She flung herself into his arms, kissed him almost violently, and a moment later pushed her way through the saplings and disappeared into the wood with very little noise. Even now he had not found out her surname or her address. However, it made no difference, for it was inconceivable that they could ever meet indoors or exchange any kind of written communication.

As it happened, they never went back to the clearing in the wood. During the month of May there was only one further occasion on which they actually succeeded in making love. That was in another hiding-place known to Julia, the belfry of a ruinous church in an almost-deserted stretch of country where an atomic bomb had fallen thirty years earlier. It was a good hiding-place when once you got there, but the getting there was very dangerous. For the rest they could meet only in the streets, in a different place every evening and never for more than half an hour at a time. In the street it was usually possible to talk, after a fashion. As they drifted down the crowded pavements, not quite abreast and never looking at one another, they carried on a curious, intermittent conversation which flicked on and off like the beams of a lighthouse, suddenly nipped into silence by the approach of a Party uniform or the proximity of a telescreen, then taken up again minutes later in the middle of a sentence, then abruptly cut short as they parted at the agreed spot, then continued almost without introduction on the following day. Julia appeared to be quite used to this kind of conversation, which she called ‘talking by instalments’. She was also surprisingly adept at speaking without moving her lips. Just once in almost a month of nightly meetings they managed to exchange a kiss. They were passing in silence down a side-street (Julia would never speak when they were away from the main streets) when there was a deafening roar, the earth heaved, and the air darkened, and Winston found himself lying on his side, bruised and terrified. A rocket bomb must have dropped quite near at hand. Suddenly he became aware of Julia’s face a few centimetres from his own, deathly white, as white as chalk. Even her lips were white. She was dead! He clasped her against him and found that he was kissing a live warm face. But there was some powdery stuff that got in the way of his lips. Both of their faces were thickly coated with plaster.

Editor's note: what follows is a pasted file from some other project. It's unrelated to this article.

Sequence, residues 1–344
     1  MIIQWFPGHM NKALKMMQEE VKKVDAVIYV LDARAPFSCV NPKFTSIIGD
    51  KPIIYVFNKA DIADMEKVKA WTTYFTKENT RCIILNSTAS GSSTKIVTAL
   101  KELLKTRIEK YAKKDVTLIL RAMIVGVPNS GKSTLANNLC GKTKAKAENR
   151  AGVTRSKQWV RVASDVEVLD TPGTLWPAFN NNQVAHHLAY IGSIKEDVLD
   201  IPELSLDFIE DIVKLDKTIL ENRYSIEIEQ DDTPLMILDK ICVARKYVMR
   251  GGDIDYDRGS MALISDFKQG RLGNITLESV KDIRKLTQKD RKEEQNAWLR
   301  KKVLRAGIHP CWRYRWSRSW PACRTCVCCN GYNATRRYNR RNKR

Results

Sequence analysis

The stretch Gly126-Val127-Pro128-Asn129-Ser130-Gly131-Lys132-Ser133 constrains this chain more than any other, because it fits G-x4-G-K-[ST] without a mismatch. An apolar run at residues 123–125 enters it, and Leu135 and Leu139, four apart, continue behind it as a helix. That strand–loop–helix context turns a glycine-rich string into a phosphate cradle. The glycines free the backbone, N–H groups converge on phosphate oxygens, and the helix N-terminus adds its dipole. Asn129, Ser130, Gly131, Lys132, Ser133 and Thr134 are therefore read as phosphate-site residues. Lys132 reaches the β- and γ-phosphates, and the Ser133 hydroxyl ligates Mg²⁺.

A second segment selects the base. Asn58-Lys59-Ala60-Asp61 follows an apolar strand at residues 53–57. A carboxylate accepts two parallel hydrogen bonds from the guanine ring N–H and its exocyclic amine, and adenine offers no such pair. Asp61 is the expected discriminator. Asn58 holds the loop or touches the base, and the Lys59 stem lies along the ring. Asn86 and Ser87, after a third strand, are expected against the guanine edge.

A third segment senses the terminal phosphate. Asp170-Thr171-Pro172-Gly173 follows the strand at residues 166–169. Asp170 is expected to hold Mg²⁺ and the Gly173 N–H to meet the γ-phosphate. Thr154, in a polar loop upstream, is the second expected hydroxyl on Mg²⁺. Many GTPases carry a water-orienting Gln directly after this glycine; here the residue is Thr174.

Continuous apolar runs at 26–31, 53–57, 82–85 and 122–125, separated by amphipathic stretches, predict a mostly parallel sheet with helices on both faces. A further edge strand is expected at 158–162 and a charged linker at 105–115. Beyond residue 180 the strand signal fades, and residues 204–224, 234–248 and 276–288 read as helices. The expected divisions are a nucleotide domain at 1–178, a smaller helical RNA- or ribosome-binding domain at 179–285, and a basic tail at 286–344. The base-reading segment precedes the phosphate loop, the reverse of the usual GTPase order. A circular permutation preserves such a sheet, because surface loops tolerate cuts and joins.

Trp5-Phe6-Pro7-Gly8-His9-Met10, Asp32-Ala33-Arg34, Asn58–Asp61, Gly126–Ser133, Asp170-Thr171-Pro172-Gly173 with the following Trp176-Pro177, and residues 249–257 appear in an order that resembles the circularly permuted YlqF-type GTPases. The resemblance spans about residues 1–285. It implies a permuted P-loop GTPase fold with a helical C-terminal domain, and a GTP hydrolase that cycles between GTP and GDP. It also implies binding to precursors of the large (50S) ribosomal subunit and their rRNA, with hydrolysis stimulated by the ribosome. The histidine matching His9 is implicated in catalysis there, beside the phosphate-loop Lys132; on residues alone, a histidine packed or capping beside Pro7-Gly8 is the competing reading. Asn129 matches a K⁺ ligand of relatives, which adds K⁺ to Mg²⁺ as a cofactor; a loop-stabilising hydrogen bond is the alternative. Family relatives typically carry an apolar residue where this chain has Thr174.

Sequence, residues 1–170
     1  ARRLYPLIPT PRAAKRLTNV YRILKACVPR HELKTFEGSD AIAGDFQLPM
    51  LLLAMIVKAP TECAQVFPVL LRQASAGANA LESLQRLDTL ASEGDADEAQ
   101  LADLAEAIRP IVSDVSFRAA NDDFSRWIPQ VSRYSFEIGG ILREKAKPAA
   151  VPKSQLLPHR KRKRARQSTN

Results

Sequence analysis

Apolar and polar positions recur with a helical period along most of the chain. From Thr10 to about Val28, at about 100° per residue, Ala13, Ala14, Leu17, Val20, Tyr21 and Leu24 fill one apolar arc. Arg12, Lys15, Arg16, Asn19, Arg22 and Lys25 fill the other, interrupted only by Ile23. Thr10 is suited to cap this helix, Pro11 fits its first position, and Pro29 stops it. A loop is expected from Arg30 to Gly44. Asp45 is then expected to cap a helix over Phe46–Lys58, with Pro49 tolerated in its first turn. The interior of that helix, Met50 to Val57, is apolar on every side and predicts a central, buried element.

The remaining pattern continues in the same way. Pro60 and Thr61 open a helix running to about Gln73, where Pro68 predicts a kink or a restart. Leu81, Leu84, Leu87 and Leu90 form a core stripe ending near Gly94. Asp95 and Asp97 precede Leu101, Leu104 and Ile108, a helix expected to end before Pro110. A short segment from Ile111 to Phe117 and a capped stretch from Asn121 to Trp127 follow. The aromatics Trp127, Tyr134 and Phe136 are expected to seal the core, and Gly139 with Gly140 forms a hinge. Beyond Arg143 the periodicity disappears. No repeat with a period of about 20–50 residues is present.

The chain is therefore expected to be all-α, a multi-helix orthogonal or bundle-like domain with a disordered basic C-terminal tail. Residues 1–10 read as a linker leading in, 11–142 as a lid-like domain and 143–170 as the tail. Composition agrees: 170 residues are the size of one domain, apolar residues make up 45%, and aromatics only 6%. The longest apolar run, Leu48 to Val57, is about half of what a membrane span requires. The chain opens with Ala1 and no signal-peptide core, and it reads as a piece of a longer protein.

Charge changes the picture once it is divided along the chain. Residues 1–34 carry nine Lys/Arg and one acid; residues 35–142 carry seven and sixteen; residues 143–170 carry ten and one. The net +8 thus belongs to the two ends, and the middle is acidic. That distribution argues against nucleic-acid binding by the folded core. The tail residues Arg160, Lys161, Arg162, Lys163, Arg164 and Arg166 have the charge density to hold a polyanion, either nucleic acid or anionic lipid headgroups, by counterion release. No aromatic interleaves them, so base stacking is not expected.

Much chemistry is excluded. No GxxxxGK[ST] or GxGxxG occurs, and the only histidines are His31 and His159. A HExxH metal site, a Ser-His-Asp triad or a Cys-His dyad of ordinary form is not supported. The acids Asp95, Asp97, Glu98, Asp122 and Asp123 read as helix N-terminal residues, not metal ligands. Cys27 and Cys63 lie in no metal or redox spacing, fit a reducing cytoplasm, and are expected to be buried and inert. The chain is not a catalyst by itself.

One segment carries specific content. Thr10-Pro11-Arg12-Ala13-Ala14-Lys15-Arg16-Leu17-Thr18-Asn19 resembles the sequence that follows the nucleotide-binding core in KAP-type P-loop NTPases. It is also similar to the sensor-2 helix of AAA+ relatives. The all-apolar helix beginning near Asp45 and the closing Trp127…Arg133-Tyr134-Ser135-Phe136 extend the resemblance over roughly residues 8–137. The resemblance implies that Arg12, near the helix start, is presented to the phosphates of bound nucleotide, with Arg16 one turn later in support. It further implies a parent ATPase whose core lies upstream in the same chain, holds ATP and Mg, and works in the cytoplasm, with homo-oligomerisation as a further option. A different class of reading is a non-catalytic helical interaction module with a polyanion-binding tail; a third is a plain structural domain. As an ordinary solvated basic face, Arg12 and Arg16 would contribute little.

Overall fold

- Part 2, Chapter 3, 1984, by George Orwell.

2. Ever since scientists first discovered the existence of black holes in our universe, we have all wondered: what could possibly exist beyond the veil of that terrible void? In addition, ever since the theory of General Relativity was first proposed, scientists have been forced to wonder, what could have existed before the birth of the Universe – i.e. before the Big Bang?

Interestingly enough, these two questions have come to be resolved (after a fashion) with the theoretical existence of something known as a Gravitational Singularity – a point in space-time where the laws of physics as we know them break down. And while there remain challenges and unresolved issues about this theory, many scientists believe that beneath veil of an event horizon, and at the beginning of the Universe, this was what existed.